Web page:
The closed-door mediation session Wednesday in Tallahassee postpones a scheduled videotaped deposition of Gerald Bailey, the ousted commissioner of the Florida Department of Law Enforcement. Bailey's secretly hatched dismissal triggered the lawsuit and has led to a series of reforms designed to improve Cabinet oversight of state agencies....

    A scheduled videotaped deposition of Gerald Bailey, the ousted commissioner of the Florida Department of Law Enforcement, has been postponed.

  8. Scott, Cabinet, news outlets will try mediation in Sunshine lawsuit


    After two months of behind-the-scenes legal combat, the attorneys for Gov. Rick Scott, all three Cabinet members and most major Florida news outlets will try to mediate their differences in a lawsuit that accuses the four state officials of violating the Sunshine Law.

    The April 22 mediation session in Tallahassee will mean that a scheduled videotaped deposition of former FDLE Commissioner Gerald Bailey will be rescheduled. Bailey was forced to retire in December by Scott's general counsel, with no public vote or discussion, even though by law the FDLE chief also reports to all three elected Cabinet members....

  9. Megamall project in Miami wins state approval for land deal


    A land deal at the heart of an ambitious plan to bring the largest mall in America to northwest Miami-Dade County got the green light on Tuesday from Gov. Rick Scott and Cabinet members.

    In a unanimous vote in Tallahassee, the four-member Cabinet approved 82 acres of state land to Miami-Dade for $12.3 million. The county will then sell it for the same amount to American Dream Miami developer Triple Five....

  10. Florida Cabinet approves buying $2.2 billion more in catastrophe insurance

    State Roundup

    TALLAHASSEE — Gov. Rick Scott and Cabinet members voted Tuesday to bolster the state's catastrophic insurance fund with $2.2 billion of added coverage in advance of what forecasters predict will be another quiet hurricane season in Florida.

    State financial experts say the cost to a typical policyholder will be "minimal," or a premium increase of two-thirds of 1 percent or $13.75 a year, including homeowners covered by the state-backed Citizens Property Insurance Corp. But they say the timing is ideal because reinsurance rates are at all-time lows. ...

    Ash Williams, who directs, the fund, says it’s stronger than it has ever been.
  11. In topsy-turvy Republican field, Don Gaetz eyes U.S. Senate run


    Republican Sen. Don Gaetz of Niceville said Tuesday he's considering entering Florida's wide-open 2016 U.S. Senate race as a self-funding candidate. He said his wife Victoria is totally on board with him leaping into the void created by CFO Jeff Atwater's unexpected decision to not seek the seat held by Sen. Marco Rubio.

    "With Jeff Atwater out, that just shows how much the eggs have been scrambled in Florida, that I have people calling me and offering substantial commitments of support," Gaetz said....

  12. 'Gov. Scarce' is far from Tallahassee as lawmakers call him out


    As Florida legislators made their way back to the Capitol Monday for the seventh week of the session, Gov. Rick Scott was about as far from Tallahassee as he could get.

    The question is, did anyone notice?

    Scott was in California dreaming of more jobs.

    He made a 48-hour foray to Los Angeles on yet another mission to poach jobs from a state with a Democratic governor.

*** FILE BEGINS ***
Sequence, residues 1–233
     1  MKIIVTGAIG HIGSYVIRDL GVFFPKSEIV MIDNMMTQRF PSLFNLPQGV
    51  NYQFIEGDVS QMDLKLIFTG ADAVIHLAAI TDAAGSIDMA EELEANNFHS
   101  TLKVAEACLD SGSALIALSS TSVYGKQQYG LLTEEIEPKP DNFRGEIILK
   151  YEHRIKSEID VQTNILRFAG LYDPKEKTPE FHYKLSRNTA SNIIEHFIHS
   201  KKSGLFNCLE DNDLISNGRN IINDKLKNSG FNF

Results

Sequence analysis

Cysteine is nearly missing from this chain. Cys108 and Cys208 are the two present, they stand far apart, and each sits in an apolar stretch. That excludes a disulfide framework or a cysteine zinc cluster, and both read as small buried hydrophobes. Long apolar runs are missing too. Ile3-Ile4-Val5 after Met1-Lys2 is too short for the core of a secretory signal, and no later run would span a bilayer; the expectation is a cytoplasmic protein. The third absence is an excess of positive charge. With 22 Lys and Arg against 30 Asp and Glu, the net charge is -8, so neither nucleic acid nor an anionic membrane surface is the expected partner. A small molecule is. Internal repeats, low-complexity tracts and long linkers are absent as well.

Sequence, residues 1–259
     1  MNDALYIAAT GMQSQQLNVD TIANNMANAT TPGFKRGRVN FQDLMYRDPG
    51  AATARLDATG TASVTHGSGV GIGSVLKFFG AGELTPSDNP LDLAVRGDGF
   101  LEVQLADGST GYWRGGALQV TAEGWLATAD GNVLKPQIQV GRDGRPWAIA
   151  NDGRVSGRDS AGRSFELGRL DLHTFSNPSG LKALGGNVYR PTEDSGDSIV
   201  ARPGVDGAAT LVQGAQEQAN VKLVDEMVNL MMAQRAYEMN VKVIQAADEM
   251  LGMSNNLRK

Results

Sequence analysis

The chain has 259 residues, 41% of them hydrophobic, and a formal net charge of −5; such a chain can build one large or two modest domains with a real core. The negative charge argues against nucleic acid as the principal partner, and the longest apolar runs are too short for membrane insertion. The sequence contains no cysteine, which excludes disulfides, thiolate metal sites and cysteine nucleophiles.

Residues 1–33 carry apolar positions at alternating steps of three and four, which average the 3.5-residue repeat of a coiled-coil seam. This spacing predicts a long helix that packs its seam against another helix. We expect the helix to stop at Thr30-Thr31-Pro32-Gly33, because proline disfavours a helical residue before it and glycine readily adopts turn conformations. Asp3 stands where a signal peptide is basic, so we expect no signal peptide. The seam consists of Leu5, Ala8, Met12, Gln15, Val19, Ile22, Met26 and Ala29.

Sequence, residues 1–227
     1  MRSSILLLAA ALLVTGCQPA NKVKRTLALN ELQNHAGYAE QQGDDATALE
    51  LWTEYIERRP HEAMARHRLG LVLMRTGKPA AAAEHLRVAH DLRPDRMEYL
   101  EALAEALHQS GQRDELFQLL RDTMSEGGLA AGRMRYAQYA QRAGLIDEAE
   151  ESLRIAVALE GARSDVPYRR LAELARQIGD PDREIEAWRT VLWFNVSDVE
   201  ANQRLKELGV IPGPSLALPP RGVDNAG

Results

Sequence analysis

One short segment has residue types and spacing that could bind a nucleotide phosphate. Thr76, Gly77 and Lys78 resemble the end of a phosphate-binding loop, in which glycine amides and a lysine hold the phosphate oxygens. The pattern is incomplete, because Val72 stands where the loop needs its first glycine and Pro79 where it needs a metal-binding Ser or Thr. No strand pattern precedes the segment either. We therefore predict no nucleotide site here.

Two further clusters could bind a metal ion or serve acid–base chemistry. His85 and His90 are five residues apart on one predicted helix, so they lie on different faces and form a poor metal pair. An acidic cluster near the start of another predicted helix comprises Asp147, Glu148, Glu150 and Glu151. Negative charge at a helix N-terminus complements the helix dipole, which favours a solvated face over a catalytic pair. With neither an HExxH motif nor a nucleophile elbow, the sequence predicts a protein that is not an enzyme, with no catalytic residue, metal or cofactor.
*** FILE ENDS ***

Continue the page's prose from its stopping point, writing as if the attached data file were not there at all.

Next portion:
This time, Scott's target was California Gov. Jerry Brown, whom Scott calls a tax-and-spend liberal, but whose enduring popularity resulted in him winning a state-record fourth term in the fall with 58 percent of the vote....

  13. Scott's disengaged approach on key issues frustrates Sen. Evers


    As Florida's legislative session enters Week 7, some Republican lawmakers are increasingly frustrated with what they describe as a lack of engagement by Gov. Rick Scott on key policy issues.

    Take Sen. Greg Evers. The Crestview Republican, who chairs the Senate Criminal Justice Committee, is helping to shepherd an overhaul of the state prison system that includes creation of a new oversight board that would provided additional scrutiny to the Department of Corrections....

  14. Capitol Buzz: 3 Things to watch today in Tallahassee


    TALLAHASSEE -- Crickets control the Capitol Friday.

    It's the 39th day of the Florida legislative session and all is quiet.

    Lawmakers and lobbyists have left town for the weekend to rest up for the stretch run of the final three weeks. Here are three things to watch:

    * First Lady Ann Scott will host the Florida Book Awards at the Governor's Mansion. Historian and author Gary Mormino of USF St. Petersburg will be honored at a luncheon as winner of the Florida Humanities Council's 2015 Lifetime Achievement Award for Writing....

  15. Not so fast: Florida Judge faces reprimand over speeding ticket


    From The News Service of Florida:

    The Florida Supreme Court said Thursday that a circuit judge in Seminole County should be publicly reprimanded for not being candid about a speeding ticket she received on the way to an interview with a judicial nominating commission.

    In announcing the decision, theccourt approved an agreement between Circuit Judge Jessica Recksiedler and the Judicial Qualifications Commission. The Supreme Court said Recksiedler was questioned about her driving record in March 2013 when she was interviewed by the 5th District Court of Appeal Judicial Nominating Commission. A year later, as she drove to another interview with the same JNC, Recksiedler was stopped by the Florida Highway Patrol and was issued a speeding ticket that caused her to be late for the interview....